Crime rises on list of top U.S. concerns

January 23, 1994|By New York Times News Service

Crime now rivals the economy in the eyes of Americans as the single most important problem facing the country, but they are divided over whether Republicans or Democrats are best able to do something about it, according to the latest New York Times/CBS News Poll.

The sharp rise in concern about crime helps assure that it will be a front-line issue in this election year. But there is also a widespread sense that the country is powerless to deal with it, with most Americans saying they do not expect violence to decline significantly in the next few years.

The poll also found that many Americans seemed to question President Clinton's assertion that the health care system was in such a state of crisis that he must begin addressing it before coming forward with his welfare reform plan.

Asked which issue the government should concentrate on first, 43 percent chose health care and 49 percent welfare reform.

While people put the economy at the top of the agenda for years, anxieties about the economy have diminished in recent months, and crime has filled the vacuum.

Asked to cite the single biggest problem facing the nation, 19 percent said crime or violence, and 3 percent said drug abuse. Fifteen percent cited health care.

Among economic issues, 14 percent said the economy concerned them most, and 12 percent unemployment or jobs. Five percent cited the deficit, a major issue in the 1992 campaign.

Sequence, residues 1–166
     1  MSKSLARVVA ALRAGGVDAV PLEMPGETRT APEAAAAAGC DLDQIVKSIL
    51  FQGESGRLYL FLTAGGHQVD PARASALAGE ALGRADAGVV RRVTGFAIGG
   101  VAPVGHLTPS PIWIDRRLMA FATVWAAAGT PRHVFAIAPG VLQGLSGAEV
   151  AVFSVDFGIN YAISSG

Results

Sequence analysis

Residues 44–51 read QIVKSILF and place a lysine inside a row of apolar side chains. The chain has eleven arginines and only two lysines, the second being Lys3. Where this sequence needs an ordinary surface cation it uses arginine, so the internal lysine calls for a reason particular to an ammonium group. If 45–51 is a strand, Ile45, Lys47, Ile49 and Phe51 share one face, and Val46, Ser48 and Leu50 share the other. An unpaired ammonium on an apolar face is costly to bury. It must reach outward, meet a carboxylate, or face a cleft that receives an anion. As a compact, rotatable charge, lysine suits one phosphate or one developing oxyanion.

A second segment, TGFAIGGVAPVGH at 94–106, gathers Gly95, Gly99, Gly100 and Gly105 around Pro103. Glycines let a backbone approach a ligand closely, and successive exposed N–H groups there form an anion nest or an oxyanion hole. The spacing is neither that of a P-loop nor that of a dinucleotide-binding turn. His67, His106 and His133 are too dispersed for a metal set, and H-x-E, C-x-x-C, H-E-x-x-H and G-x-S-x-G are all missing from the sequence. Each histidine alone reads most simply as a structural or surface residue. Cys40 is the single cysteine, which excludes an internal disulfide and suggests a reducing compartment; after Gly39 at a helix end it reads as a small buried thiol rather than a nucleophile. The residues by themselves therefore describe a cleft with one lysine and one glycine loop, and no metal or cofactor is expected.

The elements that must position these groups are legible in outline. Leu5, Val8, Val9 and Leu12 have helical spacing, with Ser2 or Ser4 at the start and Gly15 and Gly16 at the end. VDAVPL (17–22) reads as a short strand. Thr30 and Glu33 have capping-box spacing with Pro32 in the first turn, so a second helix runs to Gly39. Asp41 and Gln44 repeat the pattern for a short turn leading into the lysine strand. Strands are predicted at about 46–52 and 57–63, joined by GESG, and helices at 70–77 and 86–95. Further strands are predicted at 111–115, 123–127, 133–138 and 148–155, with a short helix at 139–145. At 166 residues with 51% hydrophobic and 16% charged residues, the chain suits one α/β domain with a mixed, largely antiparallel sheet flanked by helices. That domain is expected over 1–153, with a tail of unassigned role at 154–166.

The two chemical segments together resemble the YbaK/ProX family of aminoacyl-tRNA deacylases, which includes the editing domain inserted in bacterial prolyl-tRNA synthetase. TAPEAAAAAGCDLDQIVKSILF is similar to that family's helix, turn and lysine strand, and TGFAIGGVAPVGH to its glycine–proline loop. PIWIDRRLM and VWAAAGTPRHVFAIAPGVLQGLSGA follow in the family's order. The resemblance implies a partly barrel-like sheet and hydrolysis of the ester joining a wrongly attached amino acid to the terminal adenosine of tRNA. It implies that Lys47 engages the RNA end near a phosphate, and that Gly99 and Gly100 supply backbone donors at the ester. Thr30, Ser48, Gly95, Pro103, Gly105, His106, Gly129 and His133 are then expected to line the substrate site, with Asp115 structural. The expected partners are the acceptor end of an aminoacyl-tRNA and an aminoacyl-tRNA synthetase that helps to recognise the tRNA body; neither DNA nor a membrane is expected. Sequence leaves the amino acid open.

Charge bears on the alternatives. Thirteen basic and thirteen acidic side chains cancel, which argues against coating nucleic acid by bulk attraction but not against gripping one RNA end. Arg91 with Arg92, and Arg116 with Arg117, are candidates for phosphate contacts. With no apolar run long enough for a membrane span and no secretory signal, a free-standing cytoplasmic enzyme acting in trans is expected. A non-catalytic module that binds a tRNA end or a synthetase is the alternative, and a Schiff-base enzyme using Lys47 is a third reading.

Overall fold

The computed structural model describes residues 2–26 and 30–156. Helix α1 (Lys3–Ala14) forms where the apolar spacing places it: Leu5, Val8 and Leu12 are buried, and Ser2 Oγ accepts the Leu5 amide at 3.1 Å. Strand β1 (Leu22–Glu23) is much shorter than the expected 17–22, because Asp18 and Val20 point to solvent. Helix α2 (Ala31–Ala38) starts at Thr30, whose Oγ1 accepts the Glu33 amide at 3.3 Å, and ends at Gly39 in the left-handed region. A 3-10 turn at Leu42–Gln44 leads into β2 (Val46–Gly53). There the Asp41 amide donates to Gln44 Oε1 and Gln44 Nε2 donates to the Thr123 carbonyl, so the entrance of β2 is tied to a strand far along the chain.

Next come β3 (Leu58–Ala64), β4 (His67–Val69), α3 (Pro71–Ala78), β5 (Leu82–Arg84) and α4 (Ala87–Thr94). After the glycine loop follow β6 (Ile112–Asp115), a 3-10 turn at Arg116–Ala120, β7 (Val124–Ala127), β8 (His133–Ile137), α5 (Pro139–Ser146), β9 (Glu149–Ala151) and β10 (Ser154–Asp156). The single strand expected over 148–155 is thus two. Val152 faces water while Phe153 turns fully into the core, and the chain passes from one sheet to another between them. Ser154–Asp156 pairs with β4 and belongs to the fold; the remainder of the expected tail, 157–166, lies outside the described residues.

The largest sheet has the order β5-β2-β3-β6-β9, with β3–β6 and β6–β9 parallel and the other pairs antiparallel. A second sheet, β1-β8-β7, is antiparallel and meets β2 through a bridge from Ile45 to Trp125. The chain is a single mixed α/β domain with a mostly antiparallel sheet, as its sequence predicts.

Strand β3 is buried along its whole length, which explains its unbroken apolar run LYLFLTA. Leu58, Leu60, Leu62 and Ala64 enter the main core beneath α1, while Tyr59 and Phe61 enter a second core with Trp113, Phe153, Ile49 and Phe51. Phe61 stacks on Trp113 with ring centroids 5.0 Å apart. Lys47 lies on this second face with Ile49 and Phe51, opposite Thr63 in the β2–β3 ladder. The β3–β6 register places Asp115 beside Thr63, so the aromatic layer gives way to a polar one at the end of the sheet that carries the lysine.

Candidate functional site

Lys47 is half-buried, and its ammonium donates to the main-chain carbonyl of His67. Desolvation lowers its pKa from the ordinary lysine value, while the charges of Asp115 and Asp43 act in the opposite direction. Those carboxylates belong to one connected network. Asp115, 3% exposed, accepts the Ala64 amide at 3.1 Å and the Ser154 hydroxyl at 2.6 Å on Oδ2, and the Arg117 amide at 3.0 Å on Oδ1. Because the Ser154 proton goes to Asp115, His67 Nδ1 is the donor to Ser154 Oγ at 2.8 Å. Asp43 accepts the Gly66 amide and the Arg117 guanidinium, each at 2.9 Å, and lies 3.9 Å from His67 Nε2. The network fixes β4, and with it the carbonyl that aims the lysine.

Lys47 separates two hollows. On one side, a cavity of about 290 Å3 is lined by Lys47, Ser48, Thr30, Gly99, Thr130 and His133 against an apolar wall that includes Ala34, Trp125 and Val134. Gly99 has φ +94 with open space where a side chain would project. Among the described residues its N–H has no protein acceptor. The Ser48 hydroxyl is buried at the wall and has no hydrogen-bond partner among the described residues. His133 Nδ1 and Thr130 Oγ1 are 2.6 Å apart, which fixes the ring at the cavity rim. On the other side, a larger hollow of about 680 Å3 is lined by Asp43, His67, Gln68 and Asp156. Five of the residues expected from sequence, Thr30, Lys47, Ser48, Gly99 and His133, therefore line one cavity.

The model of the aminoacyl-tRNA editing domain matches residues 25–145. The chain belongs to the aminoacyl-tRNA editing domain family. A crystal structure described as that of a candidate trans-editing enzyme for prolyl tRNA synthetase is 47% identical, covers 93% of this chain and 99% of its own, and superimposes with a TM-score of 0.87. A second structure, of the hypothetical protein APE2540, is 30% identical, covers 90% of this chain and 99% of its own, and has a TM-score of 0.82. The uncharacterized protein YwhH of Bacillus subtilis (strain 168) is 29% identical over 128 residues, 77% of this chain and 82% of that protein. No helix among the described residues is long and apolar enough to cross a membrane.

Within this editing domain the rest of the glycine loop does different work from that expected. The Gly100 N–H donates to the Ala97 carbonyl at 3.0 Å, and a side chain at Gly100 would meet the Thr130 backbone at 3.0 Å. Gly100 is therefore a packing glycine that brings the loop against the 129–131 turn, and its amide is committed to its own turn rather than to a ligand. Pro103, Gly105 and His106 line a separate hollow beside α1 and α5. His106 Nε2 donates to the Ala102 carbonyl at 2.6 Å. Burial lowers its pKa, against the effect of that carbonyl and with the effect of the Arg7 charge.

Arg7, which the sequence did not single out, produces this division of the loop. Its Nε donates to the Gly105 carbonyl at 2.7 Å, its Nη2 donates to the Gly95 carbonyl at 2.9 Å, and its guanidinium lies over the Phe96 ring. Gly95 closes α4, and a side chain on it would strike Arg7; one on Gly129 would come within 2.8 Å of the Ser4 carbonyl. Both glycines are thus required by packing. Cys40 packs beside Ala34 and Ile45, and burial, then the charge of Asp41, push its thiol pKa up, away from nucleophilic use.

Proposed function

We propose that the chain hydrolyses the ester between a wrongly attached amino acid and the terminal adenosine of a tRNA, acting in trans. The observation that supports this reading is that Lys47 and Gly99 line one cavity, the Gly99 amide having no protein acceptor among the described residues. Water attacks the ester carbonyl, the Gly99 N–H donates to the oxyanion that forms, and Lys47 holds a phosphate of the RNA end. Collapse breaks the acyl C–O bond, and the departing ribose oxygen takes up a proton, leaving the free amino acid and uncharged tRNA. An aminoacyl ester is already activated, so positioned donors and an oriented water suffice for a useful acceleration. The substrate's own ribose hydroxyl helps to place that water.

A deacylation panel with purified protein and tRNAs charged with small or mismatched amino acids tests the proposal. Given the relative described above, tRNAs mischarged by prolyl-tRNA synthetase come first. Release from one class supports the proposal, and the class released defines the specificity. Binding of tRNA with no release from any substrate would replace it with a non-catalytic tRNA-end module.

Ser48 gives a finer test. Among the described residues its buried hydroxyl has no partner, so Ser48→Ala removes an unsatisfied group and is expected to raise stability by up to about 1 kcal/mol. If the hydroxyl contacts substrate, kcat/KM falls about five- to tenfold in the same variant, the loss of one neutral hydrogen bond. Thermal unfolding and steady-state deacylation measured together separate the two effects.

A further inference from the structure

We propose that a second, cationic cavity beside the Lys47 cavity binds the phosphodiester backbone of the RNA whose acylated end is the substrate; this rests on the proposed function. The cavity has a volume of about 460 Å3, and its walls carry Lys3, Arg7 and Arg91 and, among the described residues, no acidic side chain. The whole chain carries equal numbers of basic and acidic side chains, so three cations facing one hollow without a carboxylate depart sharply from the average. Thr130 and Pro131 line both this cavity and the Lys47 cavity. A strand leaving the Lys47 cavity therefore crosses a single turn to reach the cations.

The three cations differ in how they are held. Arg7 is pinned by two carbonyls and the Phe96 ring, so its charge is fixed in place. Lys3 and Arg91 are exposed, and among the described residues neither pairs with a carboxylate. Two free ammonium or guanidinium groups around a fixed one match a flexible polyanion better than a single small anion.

The telephone poll of 1,146 adults nationwide underscores why the political parties are battling so intensely to claim the crime issue as their own: Republicans may have lost the edge as the party seen as best poised to preserve law and order, leaving the potent political issue up for grabs.

Thirty-one percent said the Democrats had an advantage in dealing with crime, while a group of identical size cited the Republicans. The poll, conducted Jan. 15 to 17, has a margin of sampling error of plus or minus three percentage points.

The failure of either party to make itself the clear law-and-order champion helps explain why fighting crime was emphasized last week in speeches at the winter meeting of the Republican National Committee in Washington.

Acknowledging the Democrats' inroads, Senate Republican leader Bob Dole said yesterday that Mr. Clinton had "a big advantage" in the public relations battle over crime.

"They go out in the Rose Garden and it's on the nightly news, in all the papers," he said.

Indeed, Mr. Clinton is expected to make crime a theme of his State of the Union message Tuesday, speaking to the importance of the crime bill that has passed the Senate but awaits House action.

The proportion of Americans who mention economic issues as the single most important ones before the nation is only about half the 54 percent who cited them in January 1992.

Over the same period, the combined number of people who cited crime, violence or guns as the top problems has risen from 2 percent to 20 percent. The 15 percent who now cite health care also represent a major increase, from 3 percent two years ago.

Unlike their feelings on crime, Americans have clear beliefs about which party is better able to handle health care and economic matters.

Fifty-nine percent said the Democrats were more likely to improve the health care system, and 20 percent said the Republicans. On economic questions, Americans expressed the view that the Democrats were better able to handle unemployment, while the Republicans were more likely to make sure the country is prosperous.

On the welfare issue, 61 percent of the people surveyed said they would be willing to pay higher taxes to provide job training and public service jobs to help people get off welfare.

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